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CBA hit with super returns class action

Stuart Condie

Commonwealth Bank and its wealth management arm Colonial First State have been hit by a class action law suit over allegedly uncompetitive superannuation returns.

Law firm Slater and Gordon has filed proceedings in Federal Court and claims damages could exceed $100 million for hundreds of thousands of superannuation members.

The action alleges Colonial First State invested the retirement savings of its members with its parent bank, where the cash received uncompetitive bank interest rates.

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CBA said it and Colonial First State will vigorously defend the proceedings.

"We will allege that by dumping members' super with its parent bank, the CBA, Colonial First State failed to obtain the most competitive interest rate available for its members invested in cash-only investment options and balanced options where there is a cash component," Slater and Gordon head of class actions Ben Hardwick said on Wednesday.

"The class action will allege there is no excuse for Colonial First State to have accepted such a low rate from CBA when it could have easily obtained a higher rate - either from the CBA or from any other bank."

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Trustees are required by law to act in the best interests of super fund members.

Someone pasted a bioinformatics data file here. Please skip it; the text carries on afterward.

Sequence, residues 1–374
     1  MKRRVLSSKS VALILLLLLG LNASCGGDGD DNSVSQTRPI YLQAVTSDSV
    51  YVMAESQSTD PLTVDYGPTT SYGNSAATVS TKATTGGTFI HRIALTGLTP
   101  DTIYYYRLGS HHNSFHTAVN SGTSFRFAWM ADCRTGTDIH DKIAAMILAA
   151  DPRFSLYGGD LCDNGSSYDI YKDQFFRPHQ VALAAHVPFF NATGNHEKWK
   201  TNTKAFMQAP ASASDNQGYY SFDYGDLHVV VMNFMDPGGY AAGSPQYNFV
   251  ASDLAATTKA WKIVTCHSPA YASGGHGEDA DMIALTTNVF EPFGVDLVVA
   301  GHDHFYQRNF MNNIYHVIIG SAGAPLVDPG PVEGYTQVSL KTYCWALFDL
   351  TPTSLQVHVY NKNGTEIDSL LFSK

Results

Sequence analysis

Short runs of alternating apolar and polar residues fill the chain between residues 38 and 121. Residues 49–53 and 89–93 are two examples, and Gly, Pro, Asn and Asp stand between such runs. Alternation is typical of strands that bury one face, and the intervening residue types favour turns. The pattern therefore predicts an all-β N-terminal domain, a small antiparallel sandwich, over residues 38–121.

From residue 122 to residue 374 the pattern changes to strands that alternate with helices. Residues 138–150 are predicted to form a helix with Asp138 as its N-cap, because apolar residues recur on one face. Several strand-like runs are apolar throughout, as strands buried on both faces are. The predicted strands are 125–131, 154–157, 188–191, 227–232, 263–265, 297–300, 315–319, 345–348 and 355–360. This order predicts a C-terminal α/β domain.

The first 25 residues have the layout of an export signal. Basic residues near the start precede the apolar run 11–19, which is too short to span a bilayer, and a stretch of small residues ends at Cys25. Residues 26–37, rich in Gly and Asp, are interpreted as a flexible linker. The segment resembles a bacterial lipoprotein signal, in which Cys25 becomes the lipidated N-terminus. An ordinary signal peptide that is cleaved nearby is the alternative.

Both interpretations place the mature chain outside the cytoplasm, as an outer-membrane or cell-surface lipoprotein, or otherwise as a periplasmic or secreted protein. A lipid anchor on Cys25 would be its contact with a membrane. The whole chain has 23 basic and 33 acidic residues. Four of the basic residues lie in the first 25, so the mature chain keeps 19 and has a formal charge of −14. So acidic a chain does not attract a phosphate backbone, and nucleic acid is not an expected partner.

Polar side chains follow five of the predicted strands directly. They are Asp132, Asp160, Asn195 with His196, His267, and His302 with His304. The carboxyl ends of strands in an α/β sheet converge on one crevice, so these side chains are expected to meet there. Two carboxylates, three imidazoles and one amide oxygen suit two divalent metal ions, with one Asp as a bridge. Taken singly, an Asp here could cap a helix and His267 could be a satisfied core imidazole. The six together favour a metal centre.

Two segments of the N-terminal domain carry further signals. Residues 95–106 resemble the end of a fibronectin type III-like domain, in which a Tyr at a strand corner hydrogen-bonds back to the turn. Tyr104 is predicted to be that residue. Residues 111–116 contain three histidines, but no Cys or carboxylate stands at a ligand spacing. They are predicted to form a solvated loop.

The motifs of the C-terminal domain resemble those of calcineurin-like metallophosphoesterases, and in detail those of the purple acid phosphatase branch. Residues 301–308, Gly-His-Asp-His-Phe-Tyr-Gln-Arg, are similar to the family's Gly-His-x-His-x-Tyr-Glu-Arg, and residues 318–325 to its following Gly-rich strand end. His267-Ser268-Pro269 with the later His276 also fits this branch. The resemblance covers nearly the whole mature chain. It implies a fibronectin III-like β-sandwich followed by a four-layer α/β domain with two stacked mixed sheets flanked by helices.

"This class action will allege Colonial First State placed the interests of its members beneath the interests of the Commonwealth Bank," Mr Hardwick said.

Nonetheless, an independent report into Commonwealth Bank's response to APRA's damning inquiry into its culture and governance said the bank is laying "the foundation of a successful risk remediation program".

The lender on Wednesday released Promontory Australasia's first progress report into CBA's reaction to the recommendations that followed the Australian Prudential Regulation Authority's assertion that Australia's largest bank was insular, complacent and blind to threats.

The report said the bank's size meant progress will be long and complex, but made positive noises.

"Promontory observes that to date, CBA's design and management of the program evidences a commitment to meeting the challenges described in the inquiry report in a timely and comprehensive way.

"Furthermore, the foundation of a successful risk remediation program is being laid."

CBA chief executive Matt Comyn, who took charge this year when Ian Narev retired following a series of scandals including AUSTRAC's allegations of money-laundering law breaches, said progress was being made.

"We understand there is still a lot to do and remain committed to implementing our plan in full and on time," Mr Comyn said.

"We recognise that ultimately, we will be judged by the improvements we make in customer and risk outcomes."

CBA said along with CFSIL it would vigorously defend the Slater and Gordon proceedings and keep the market informed of developments.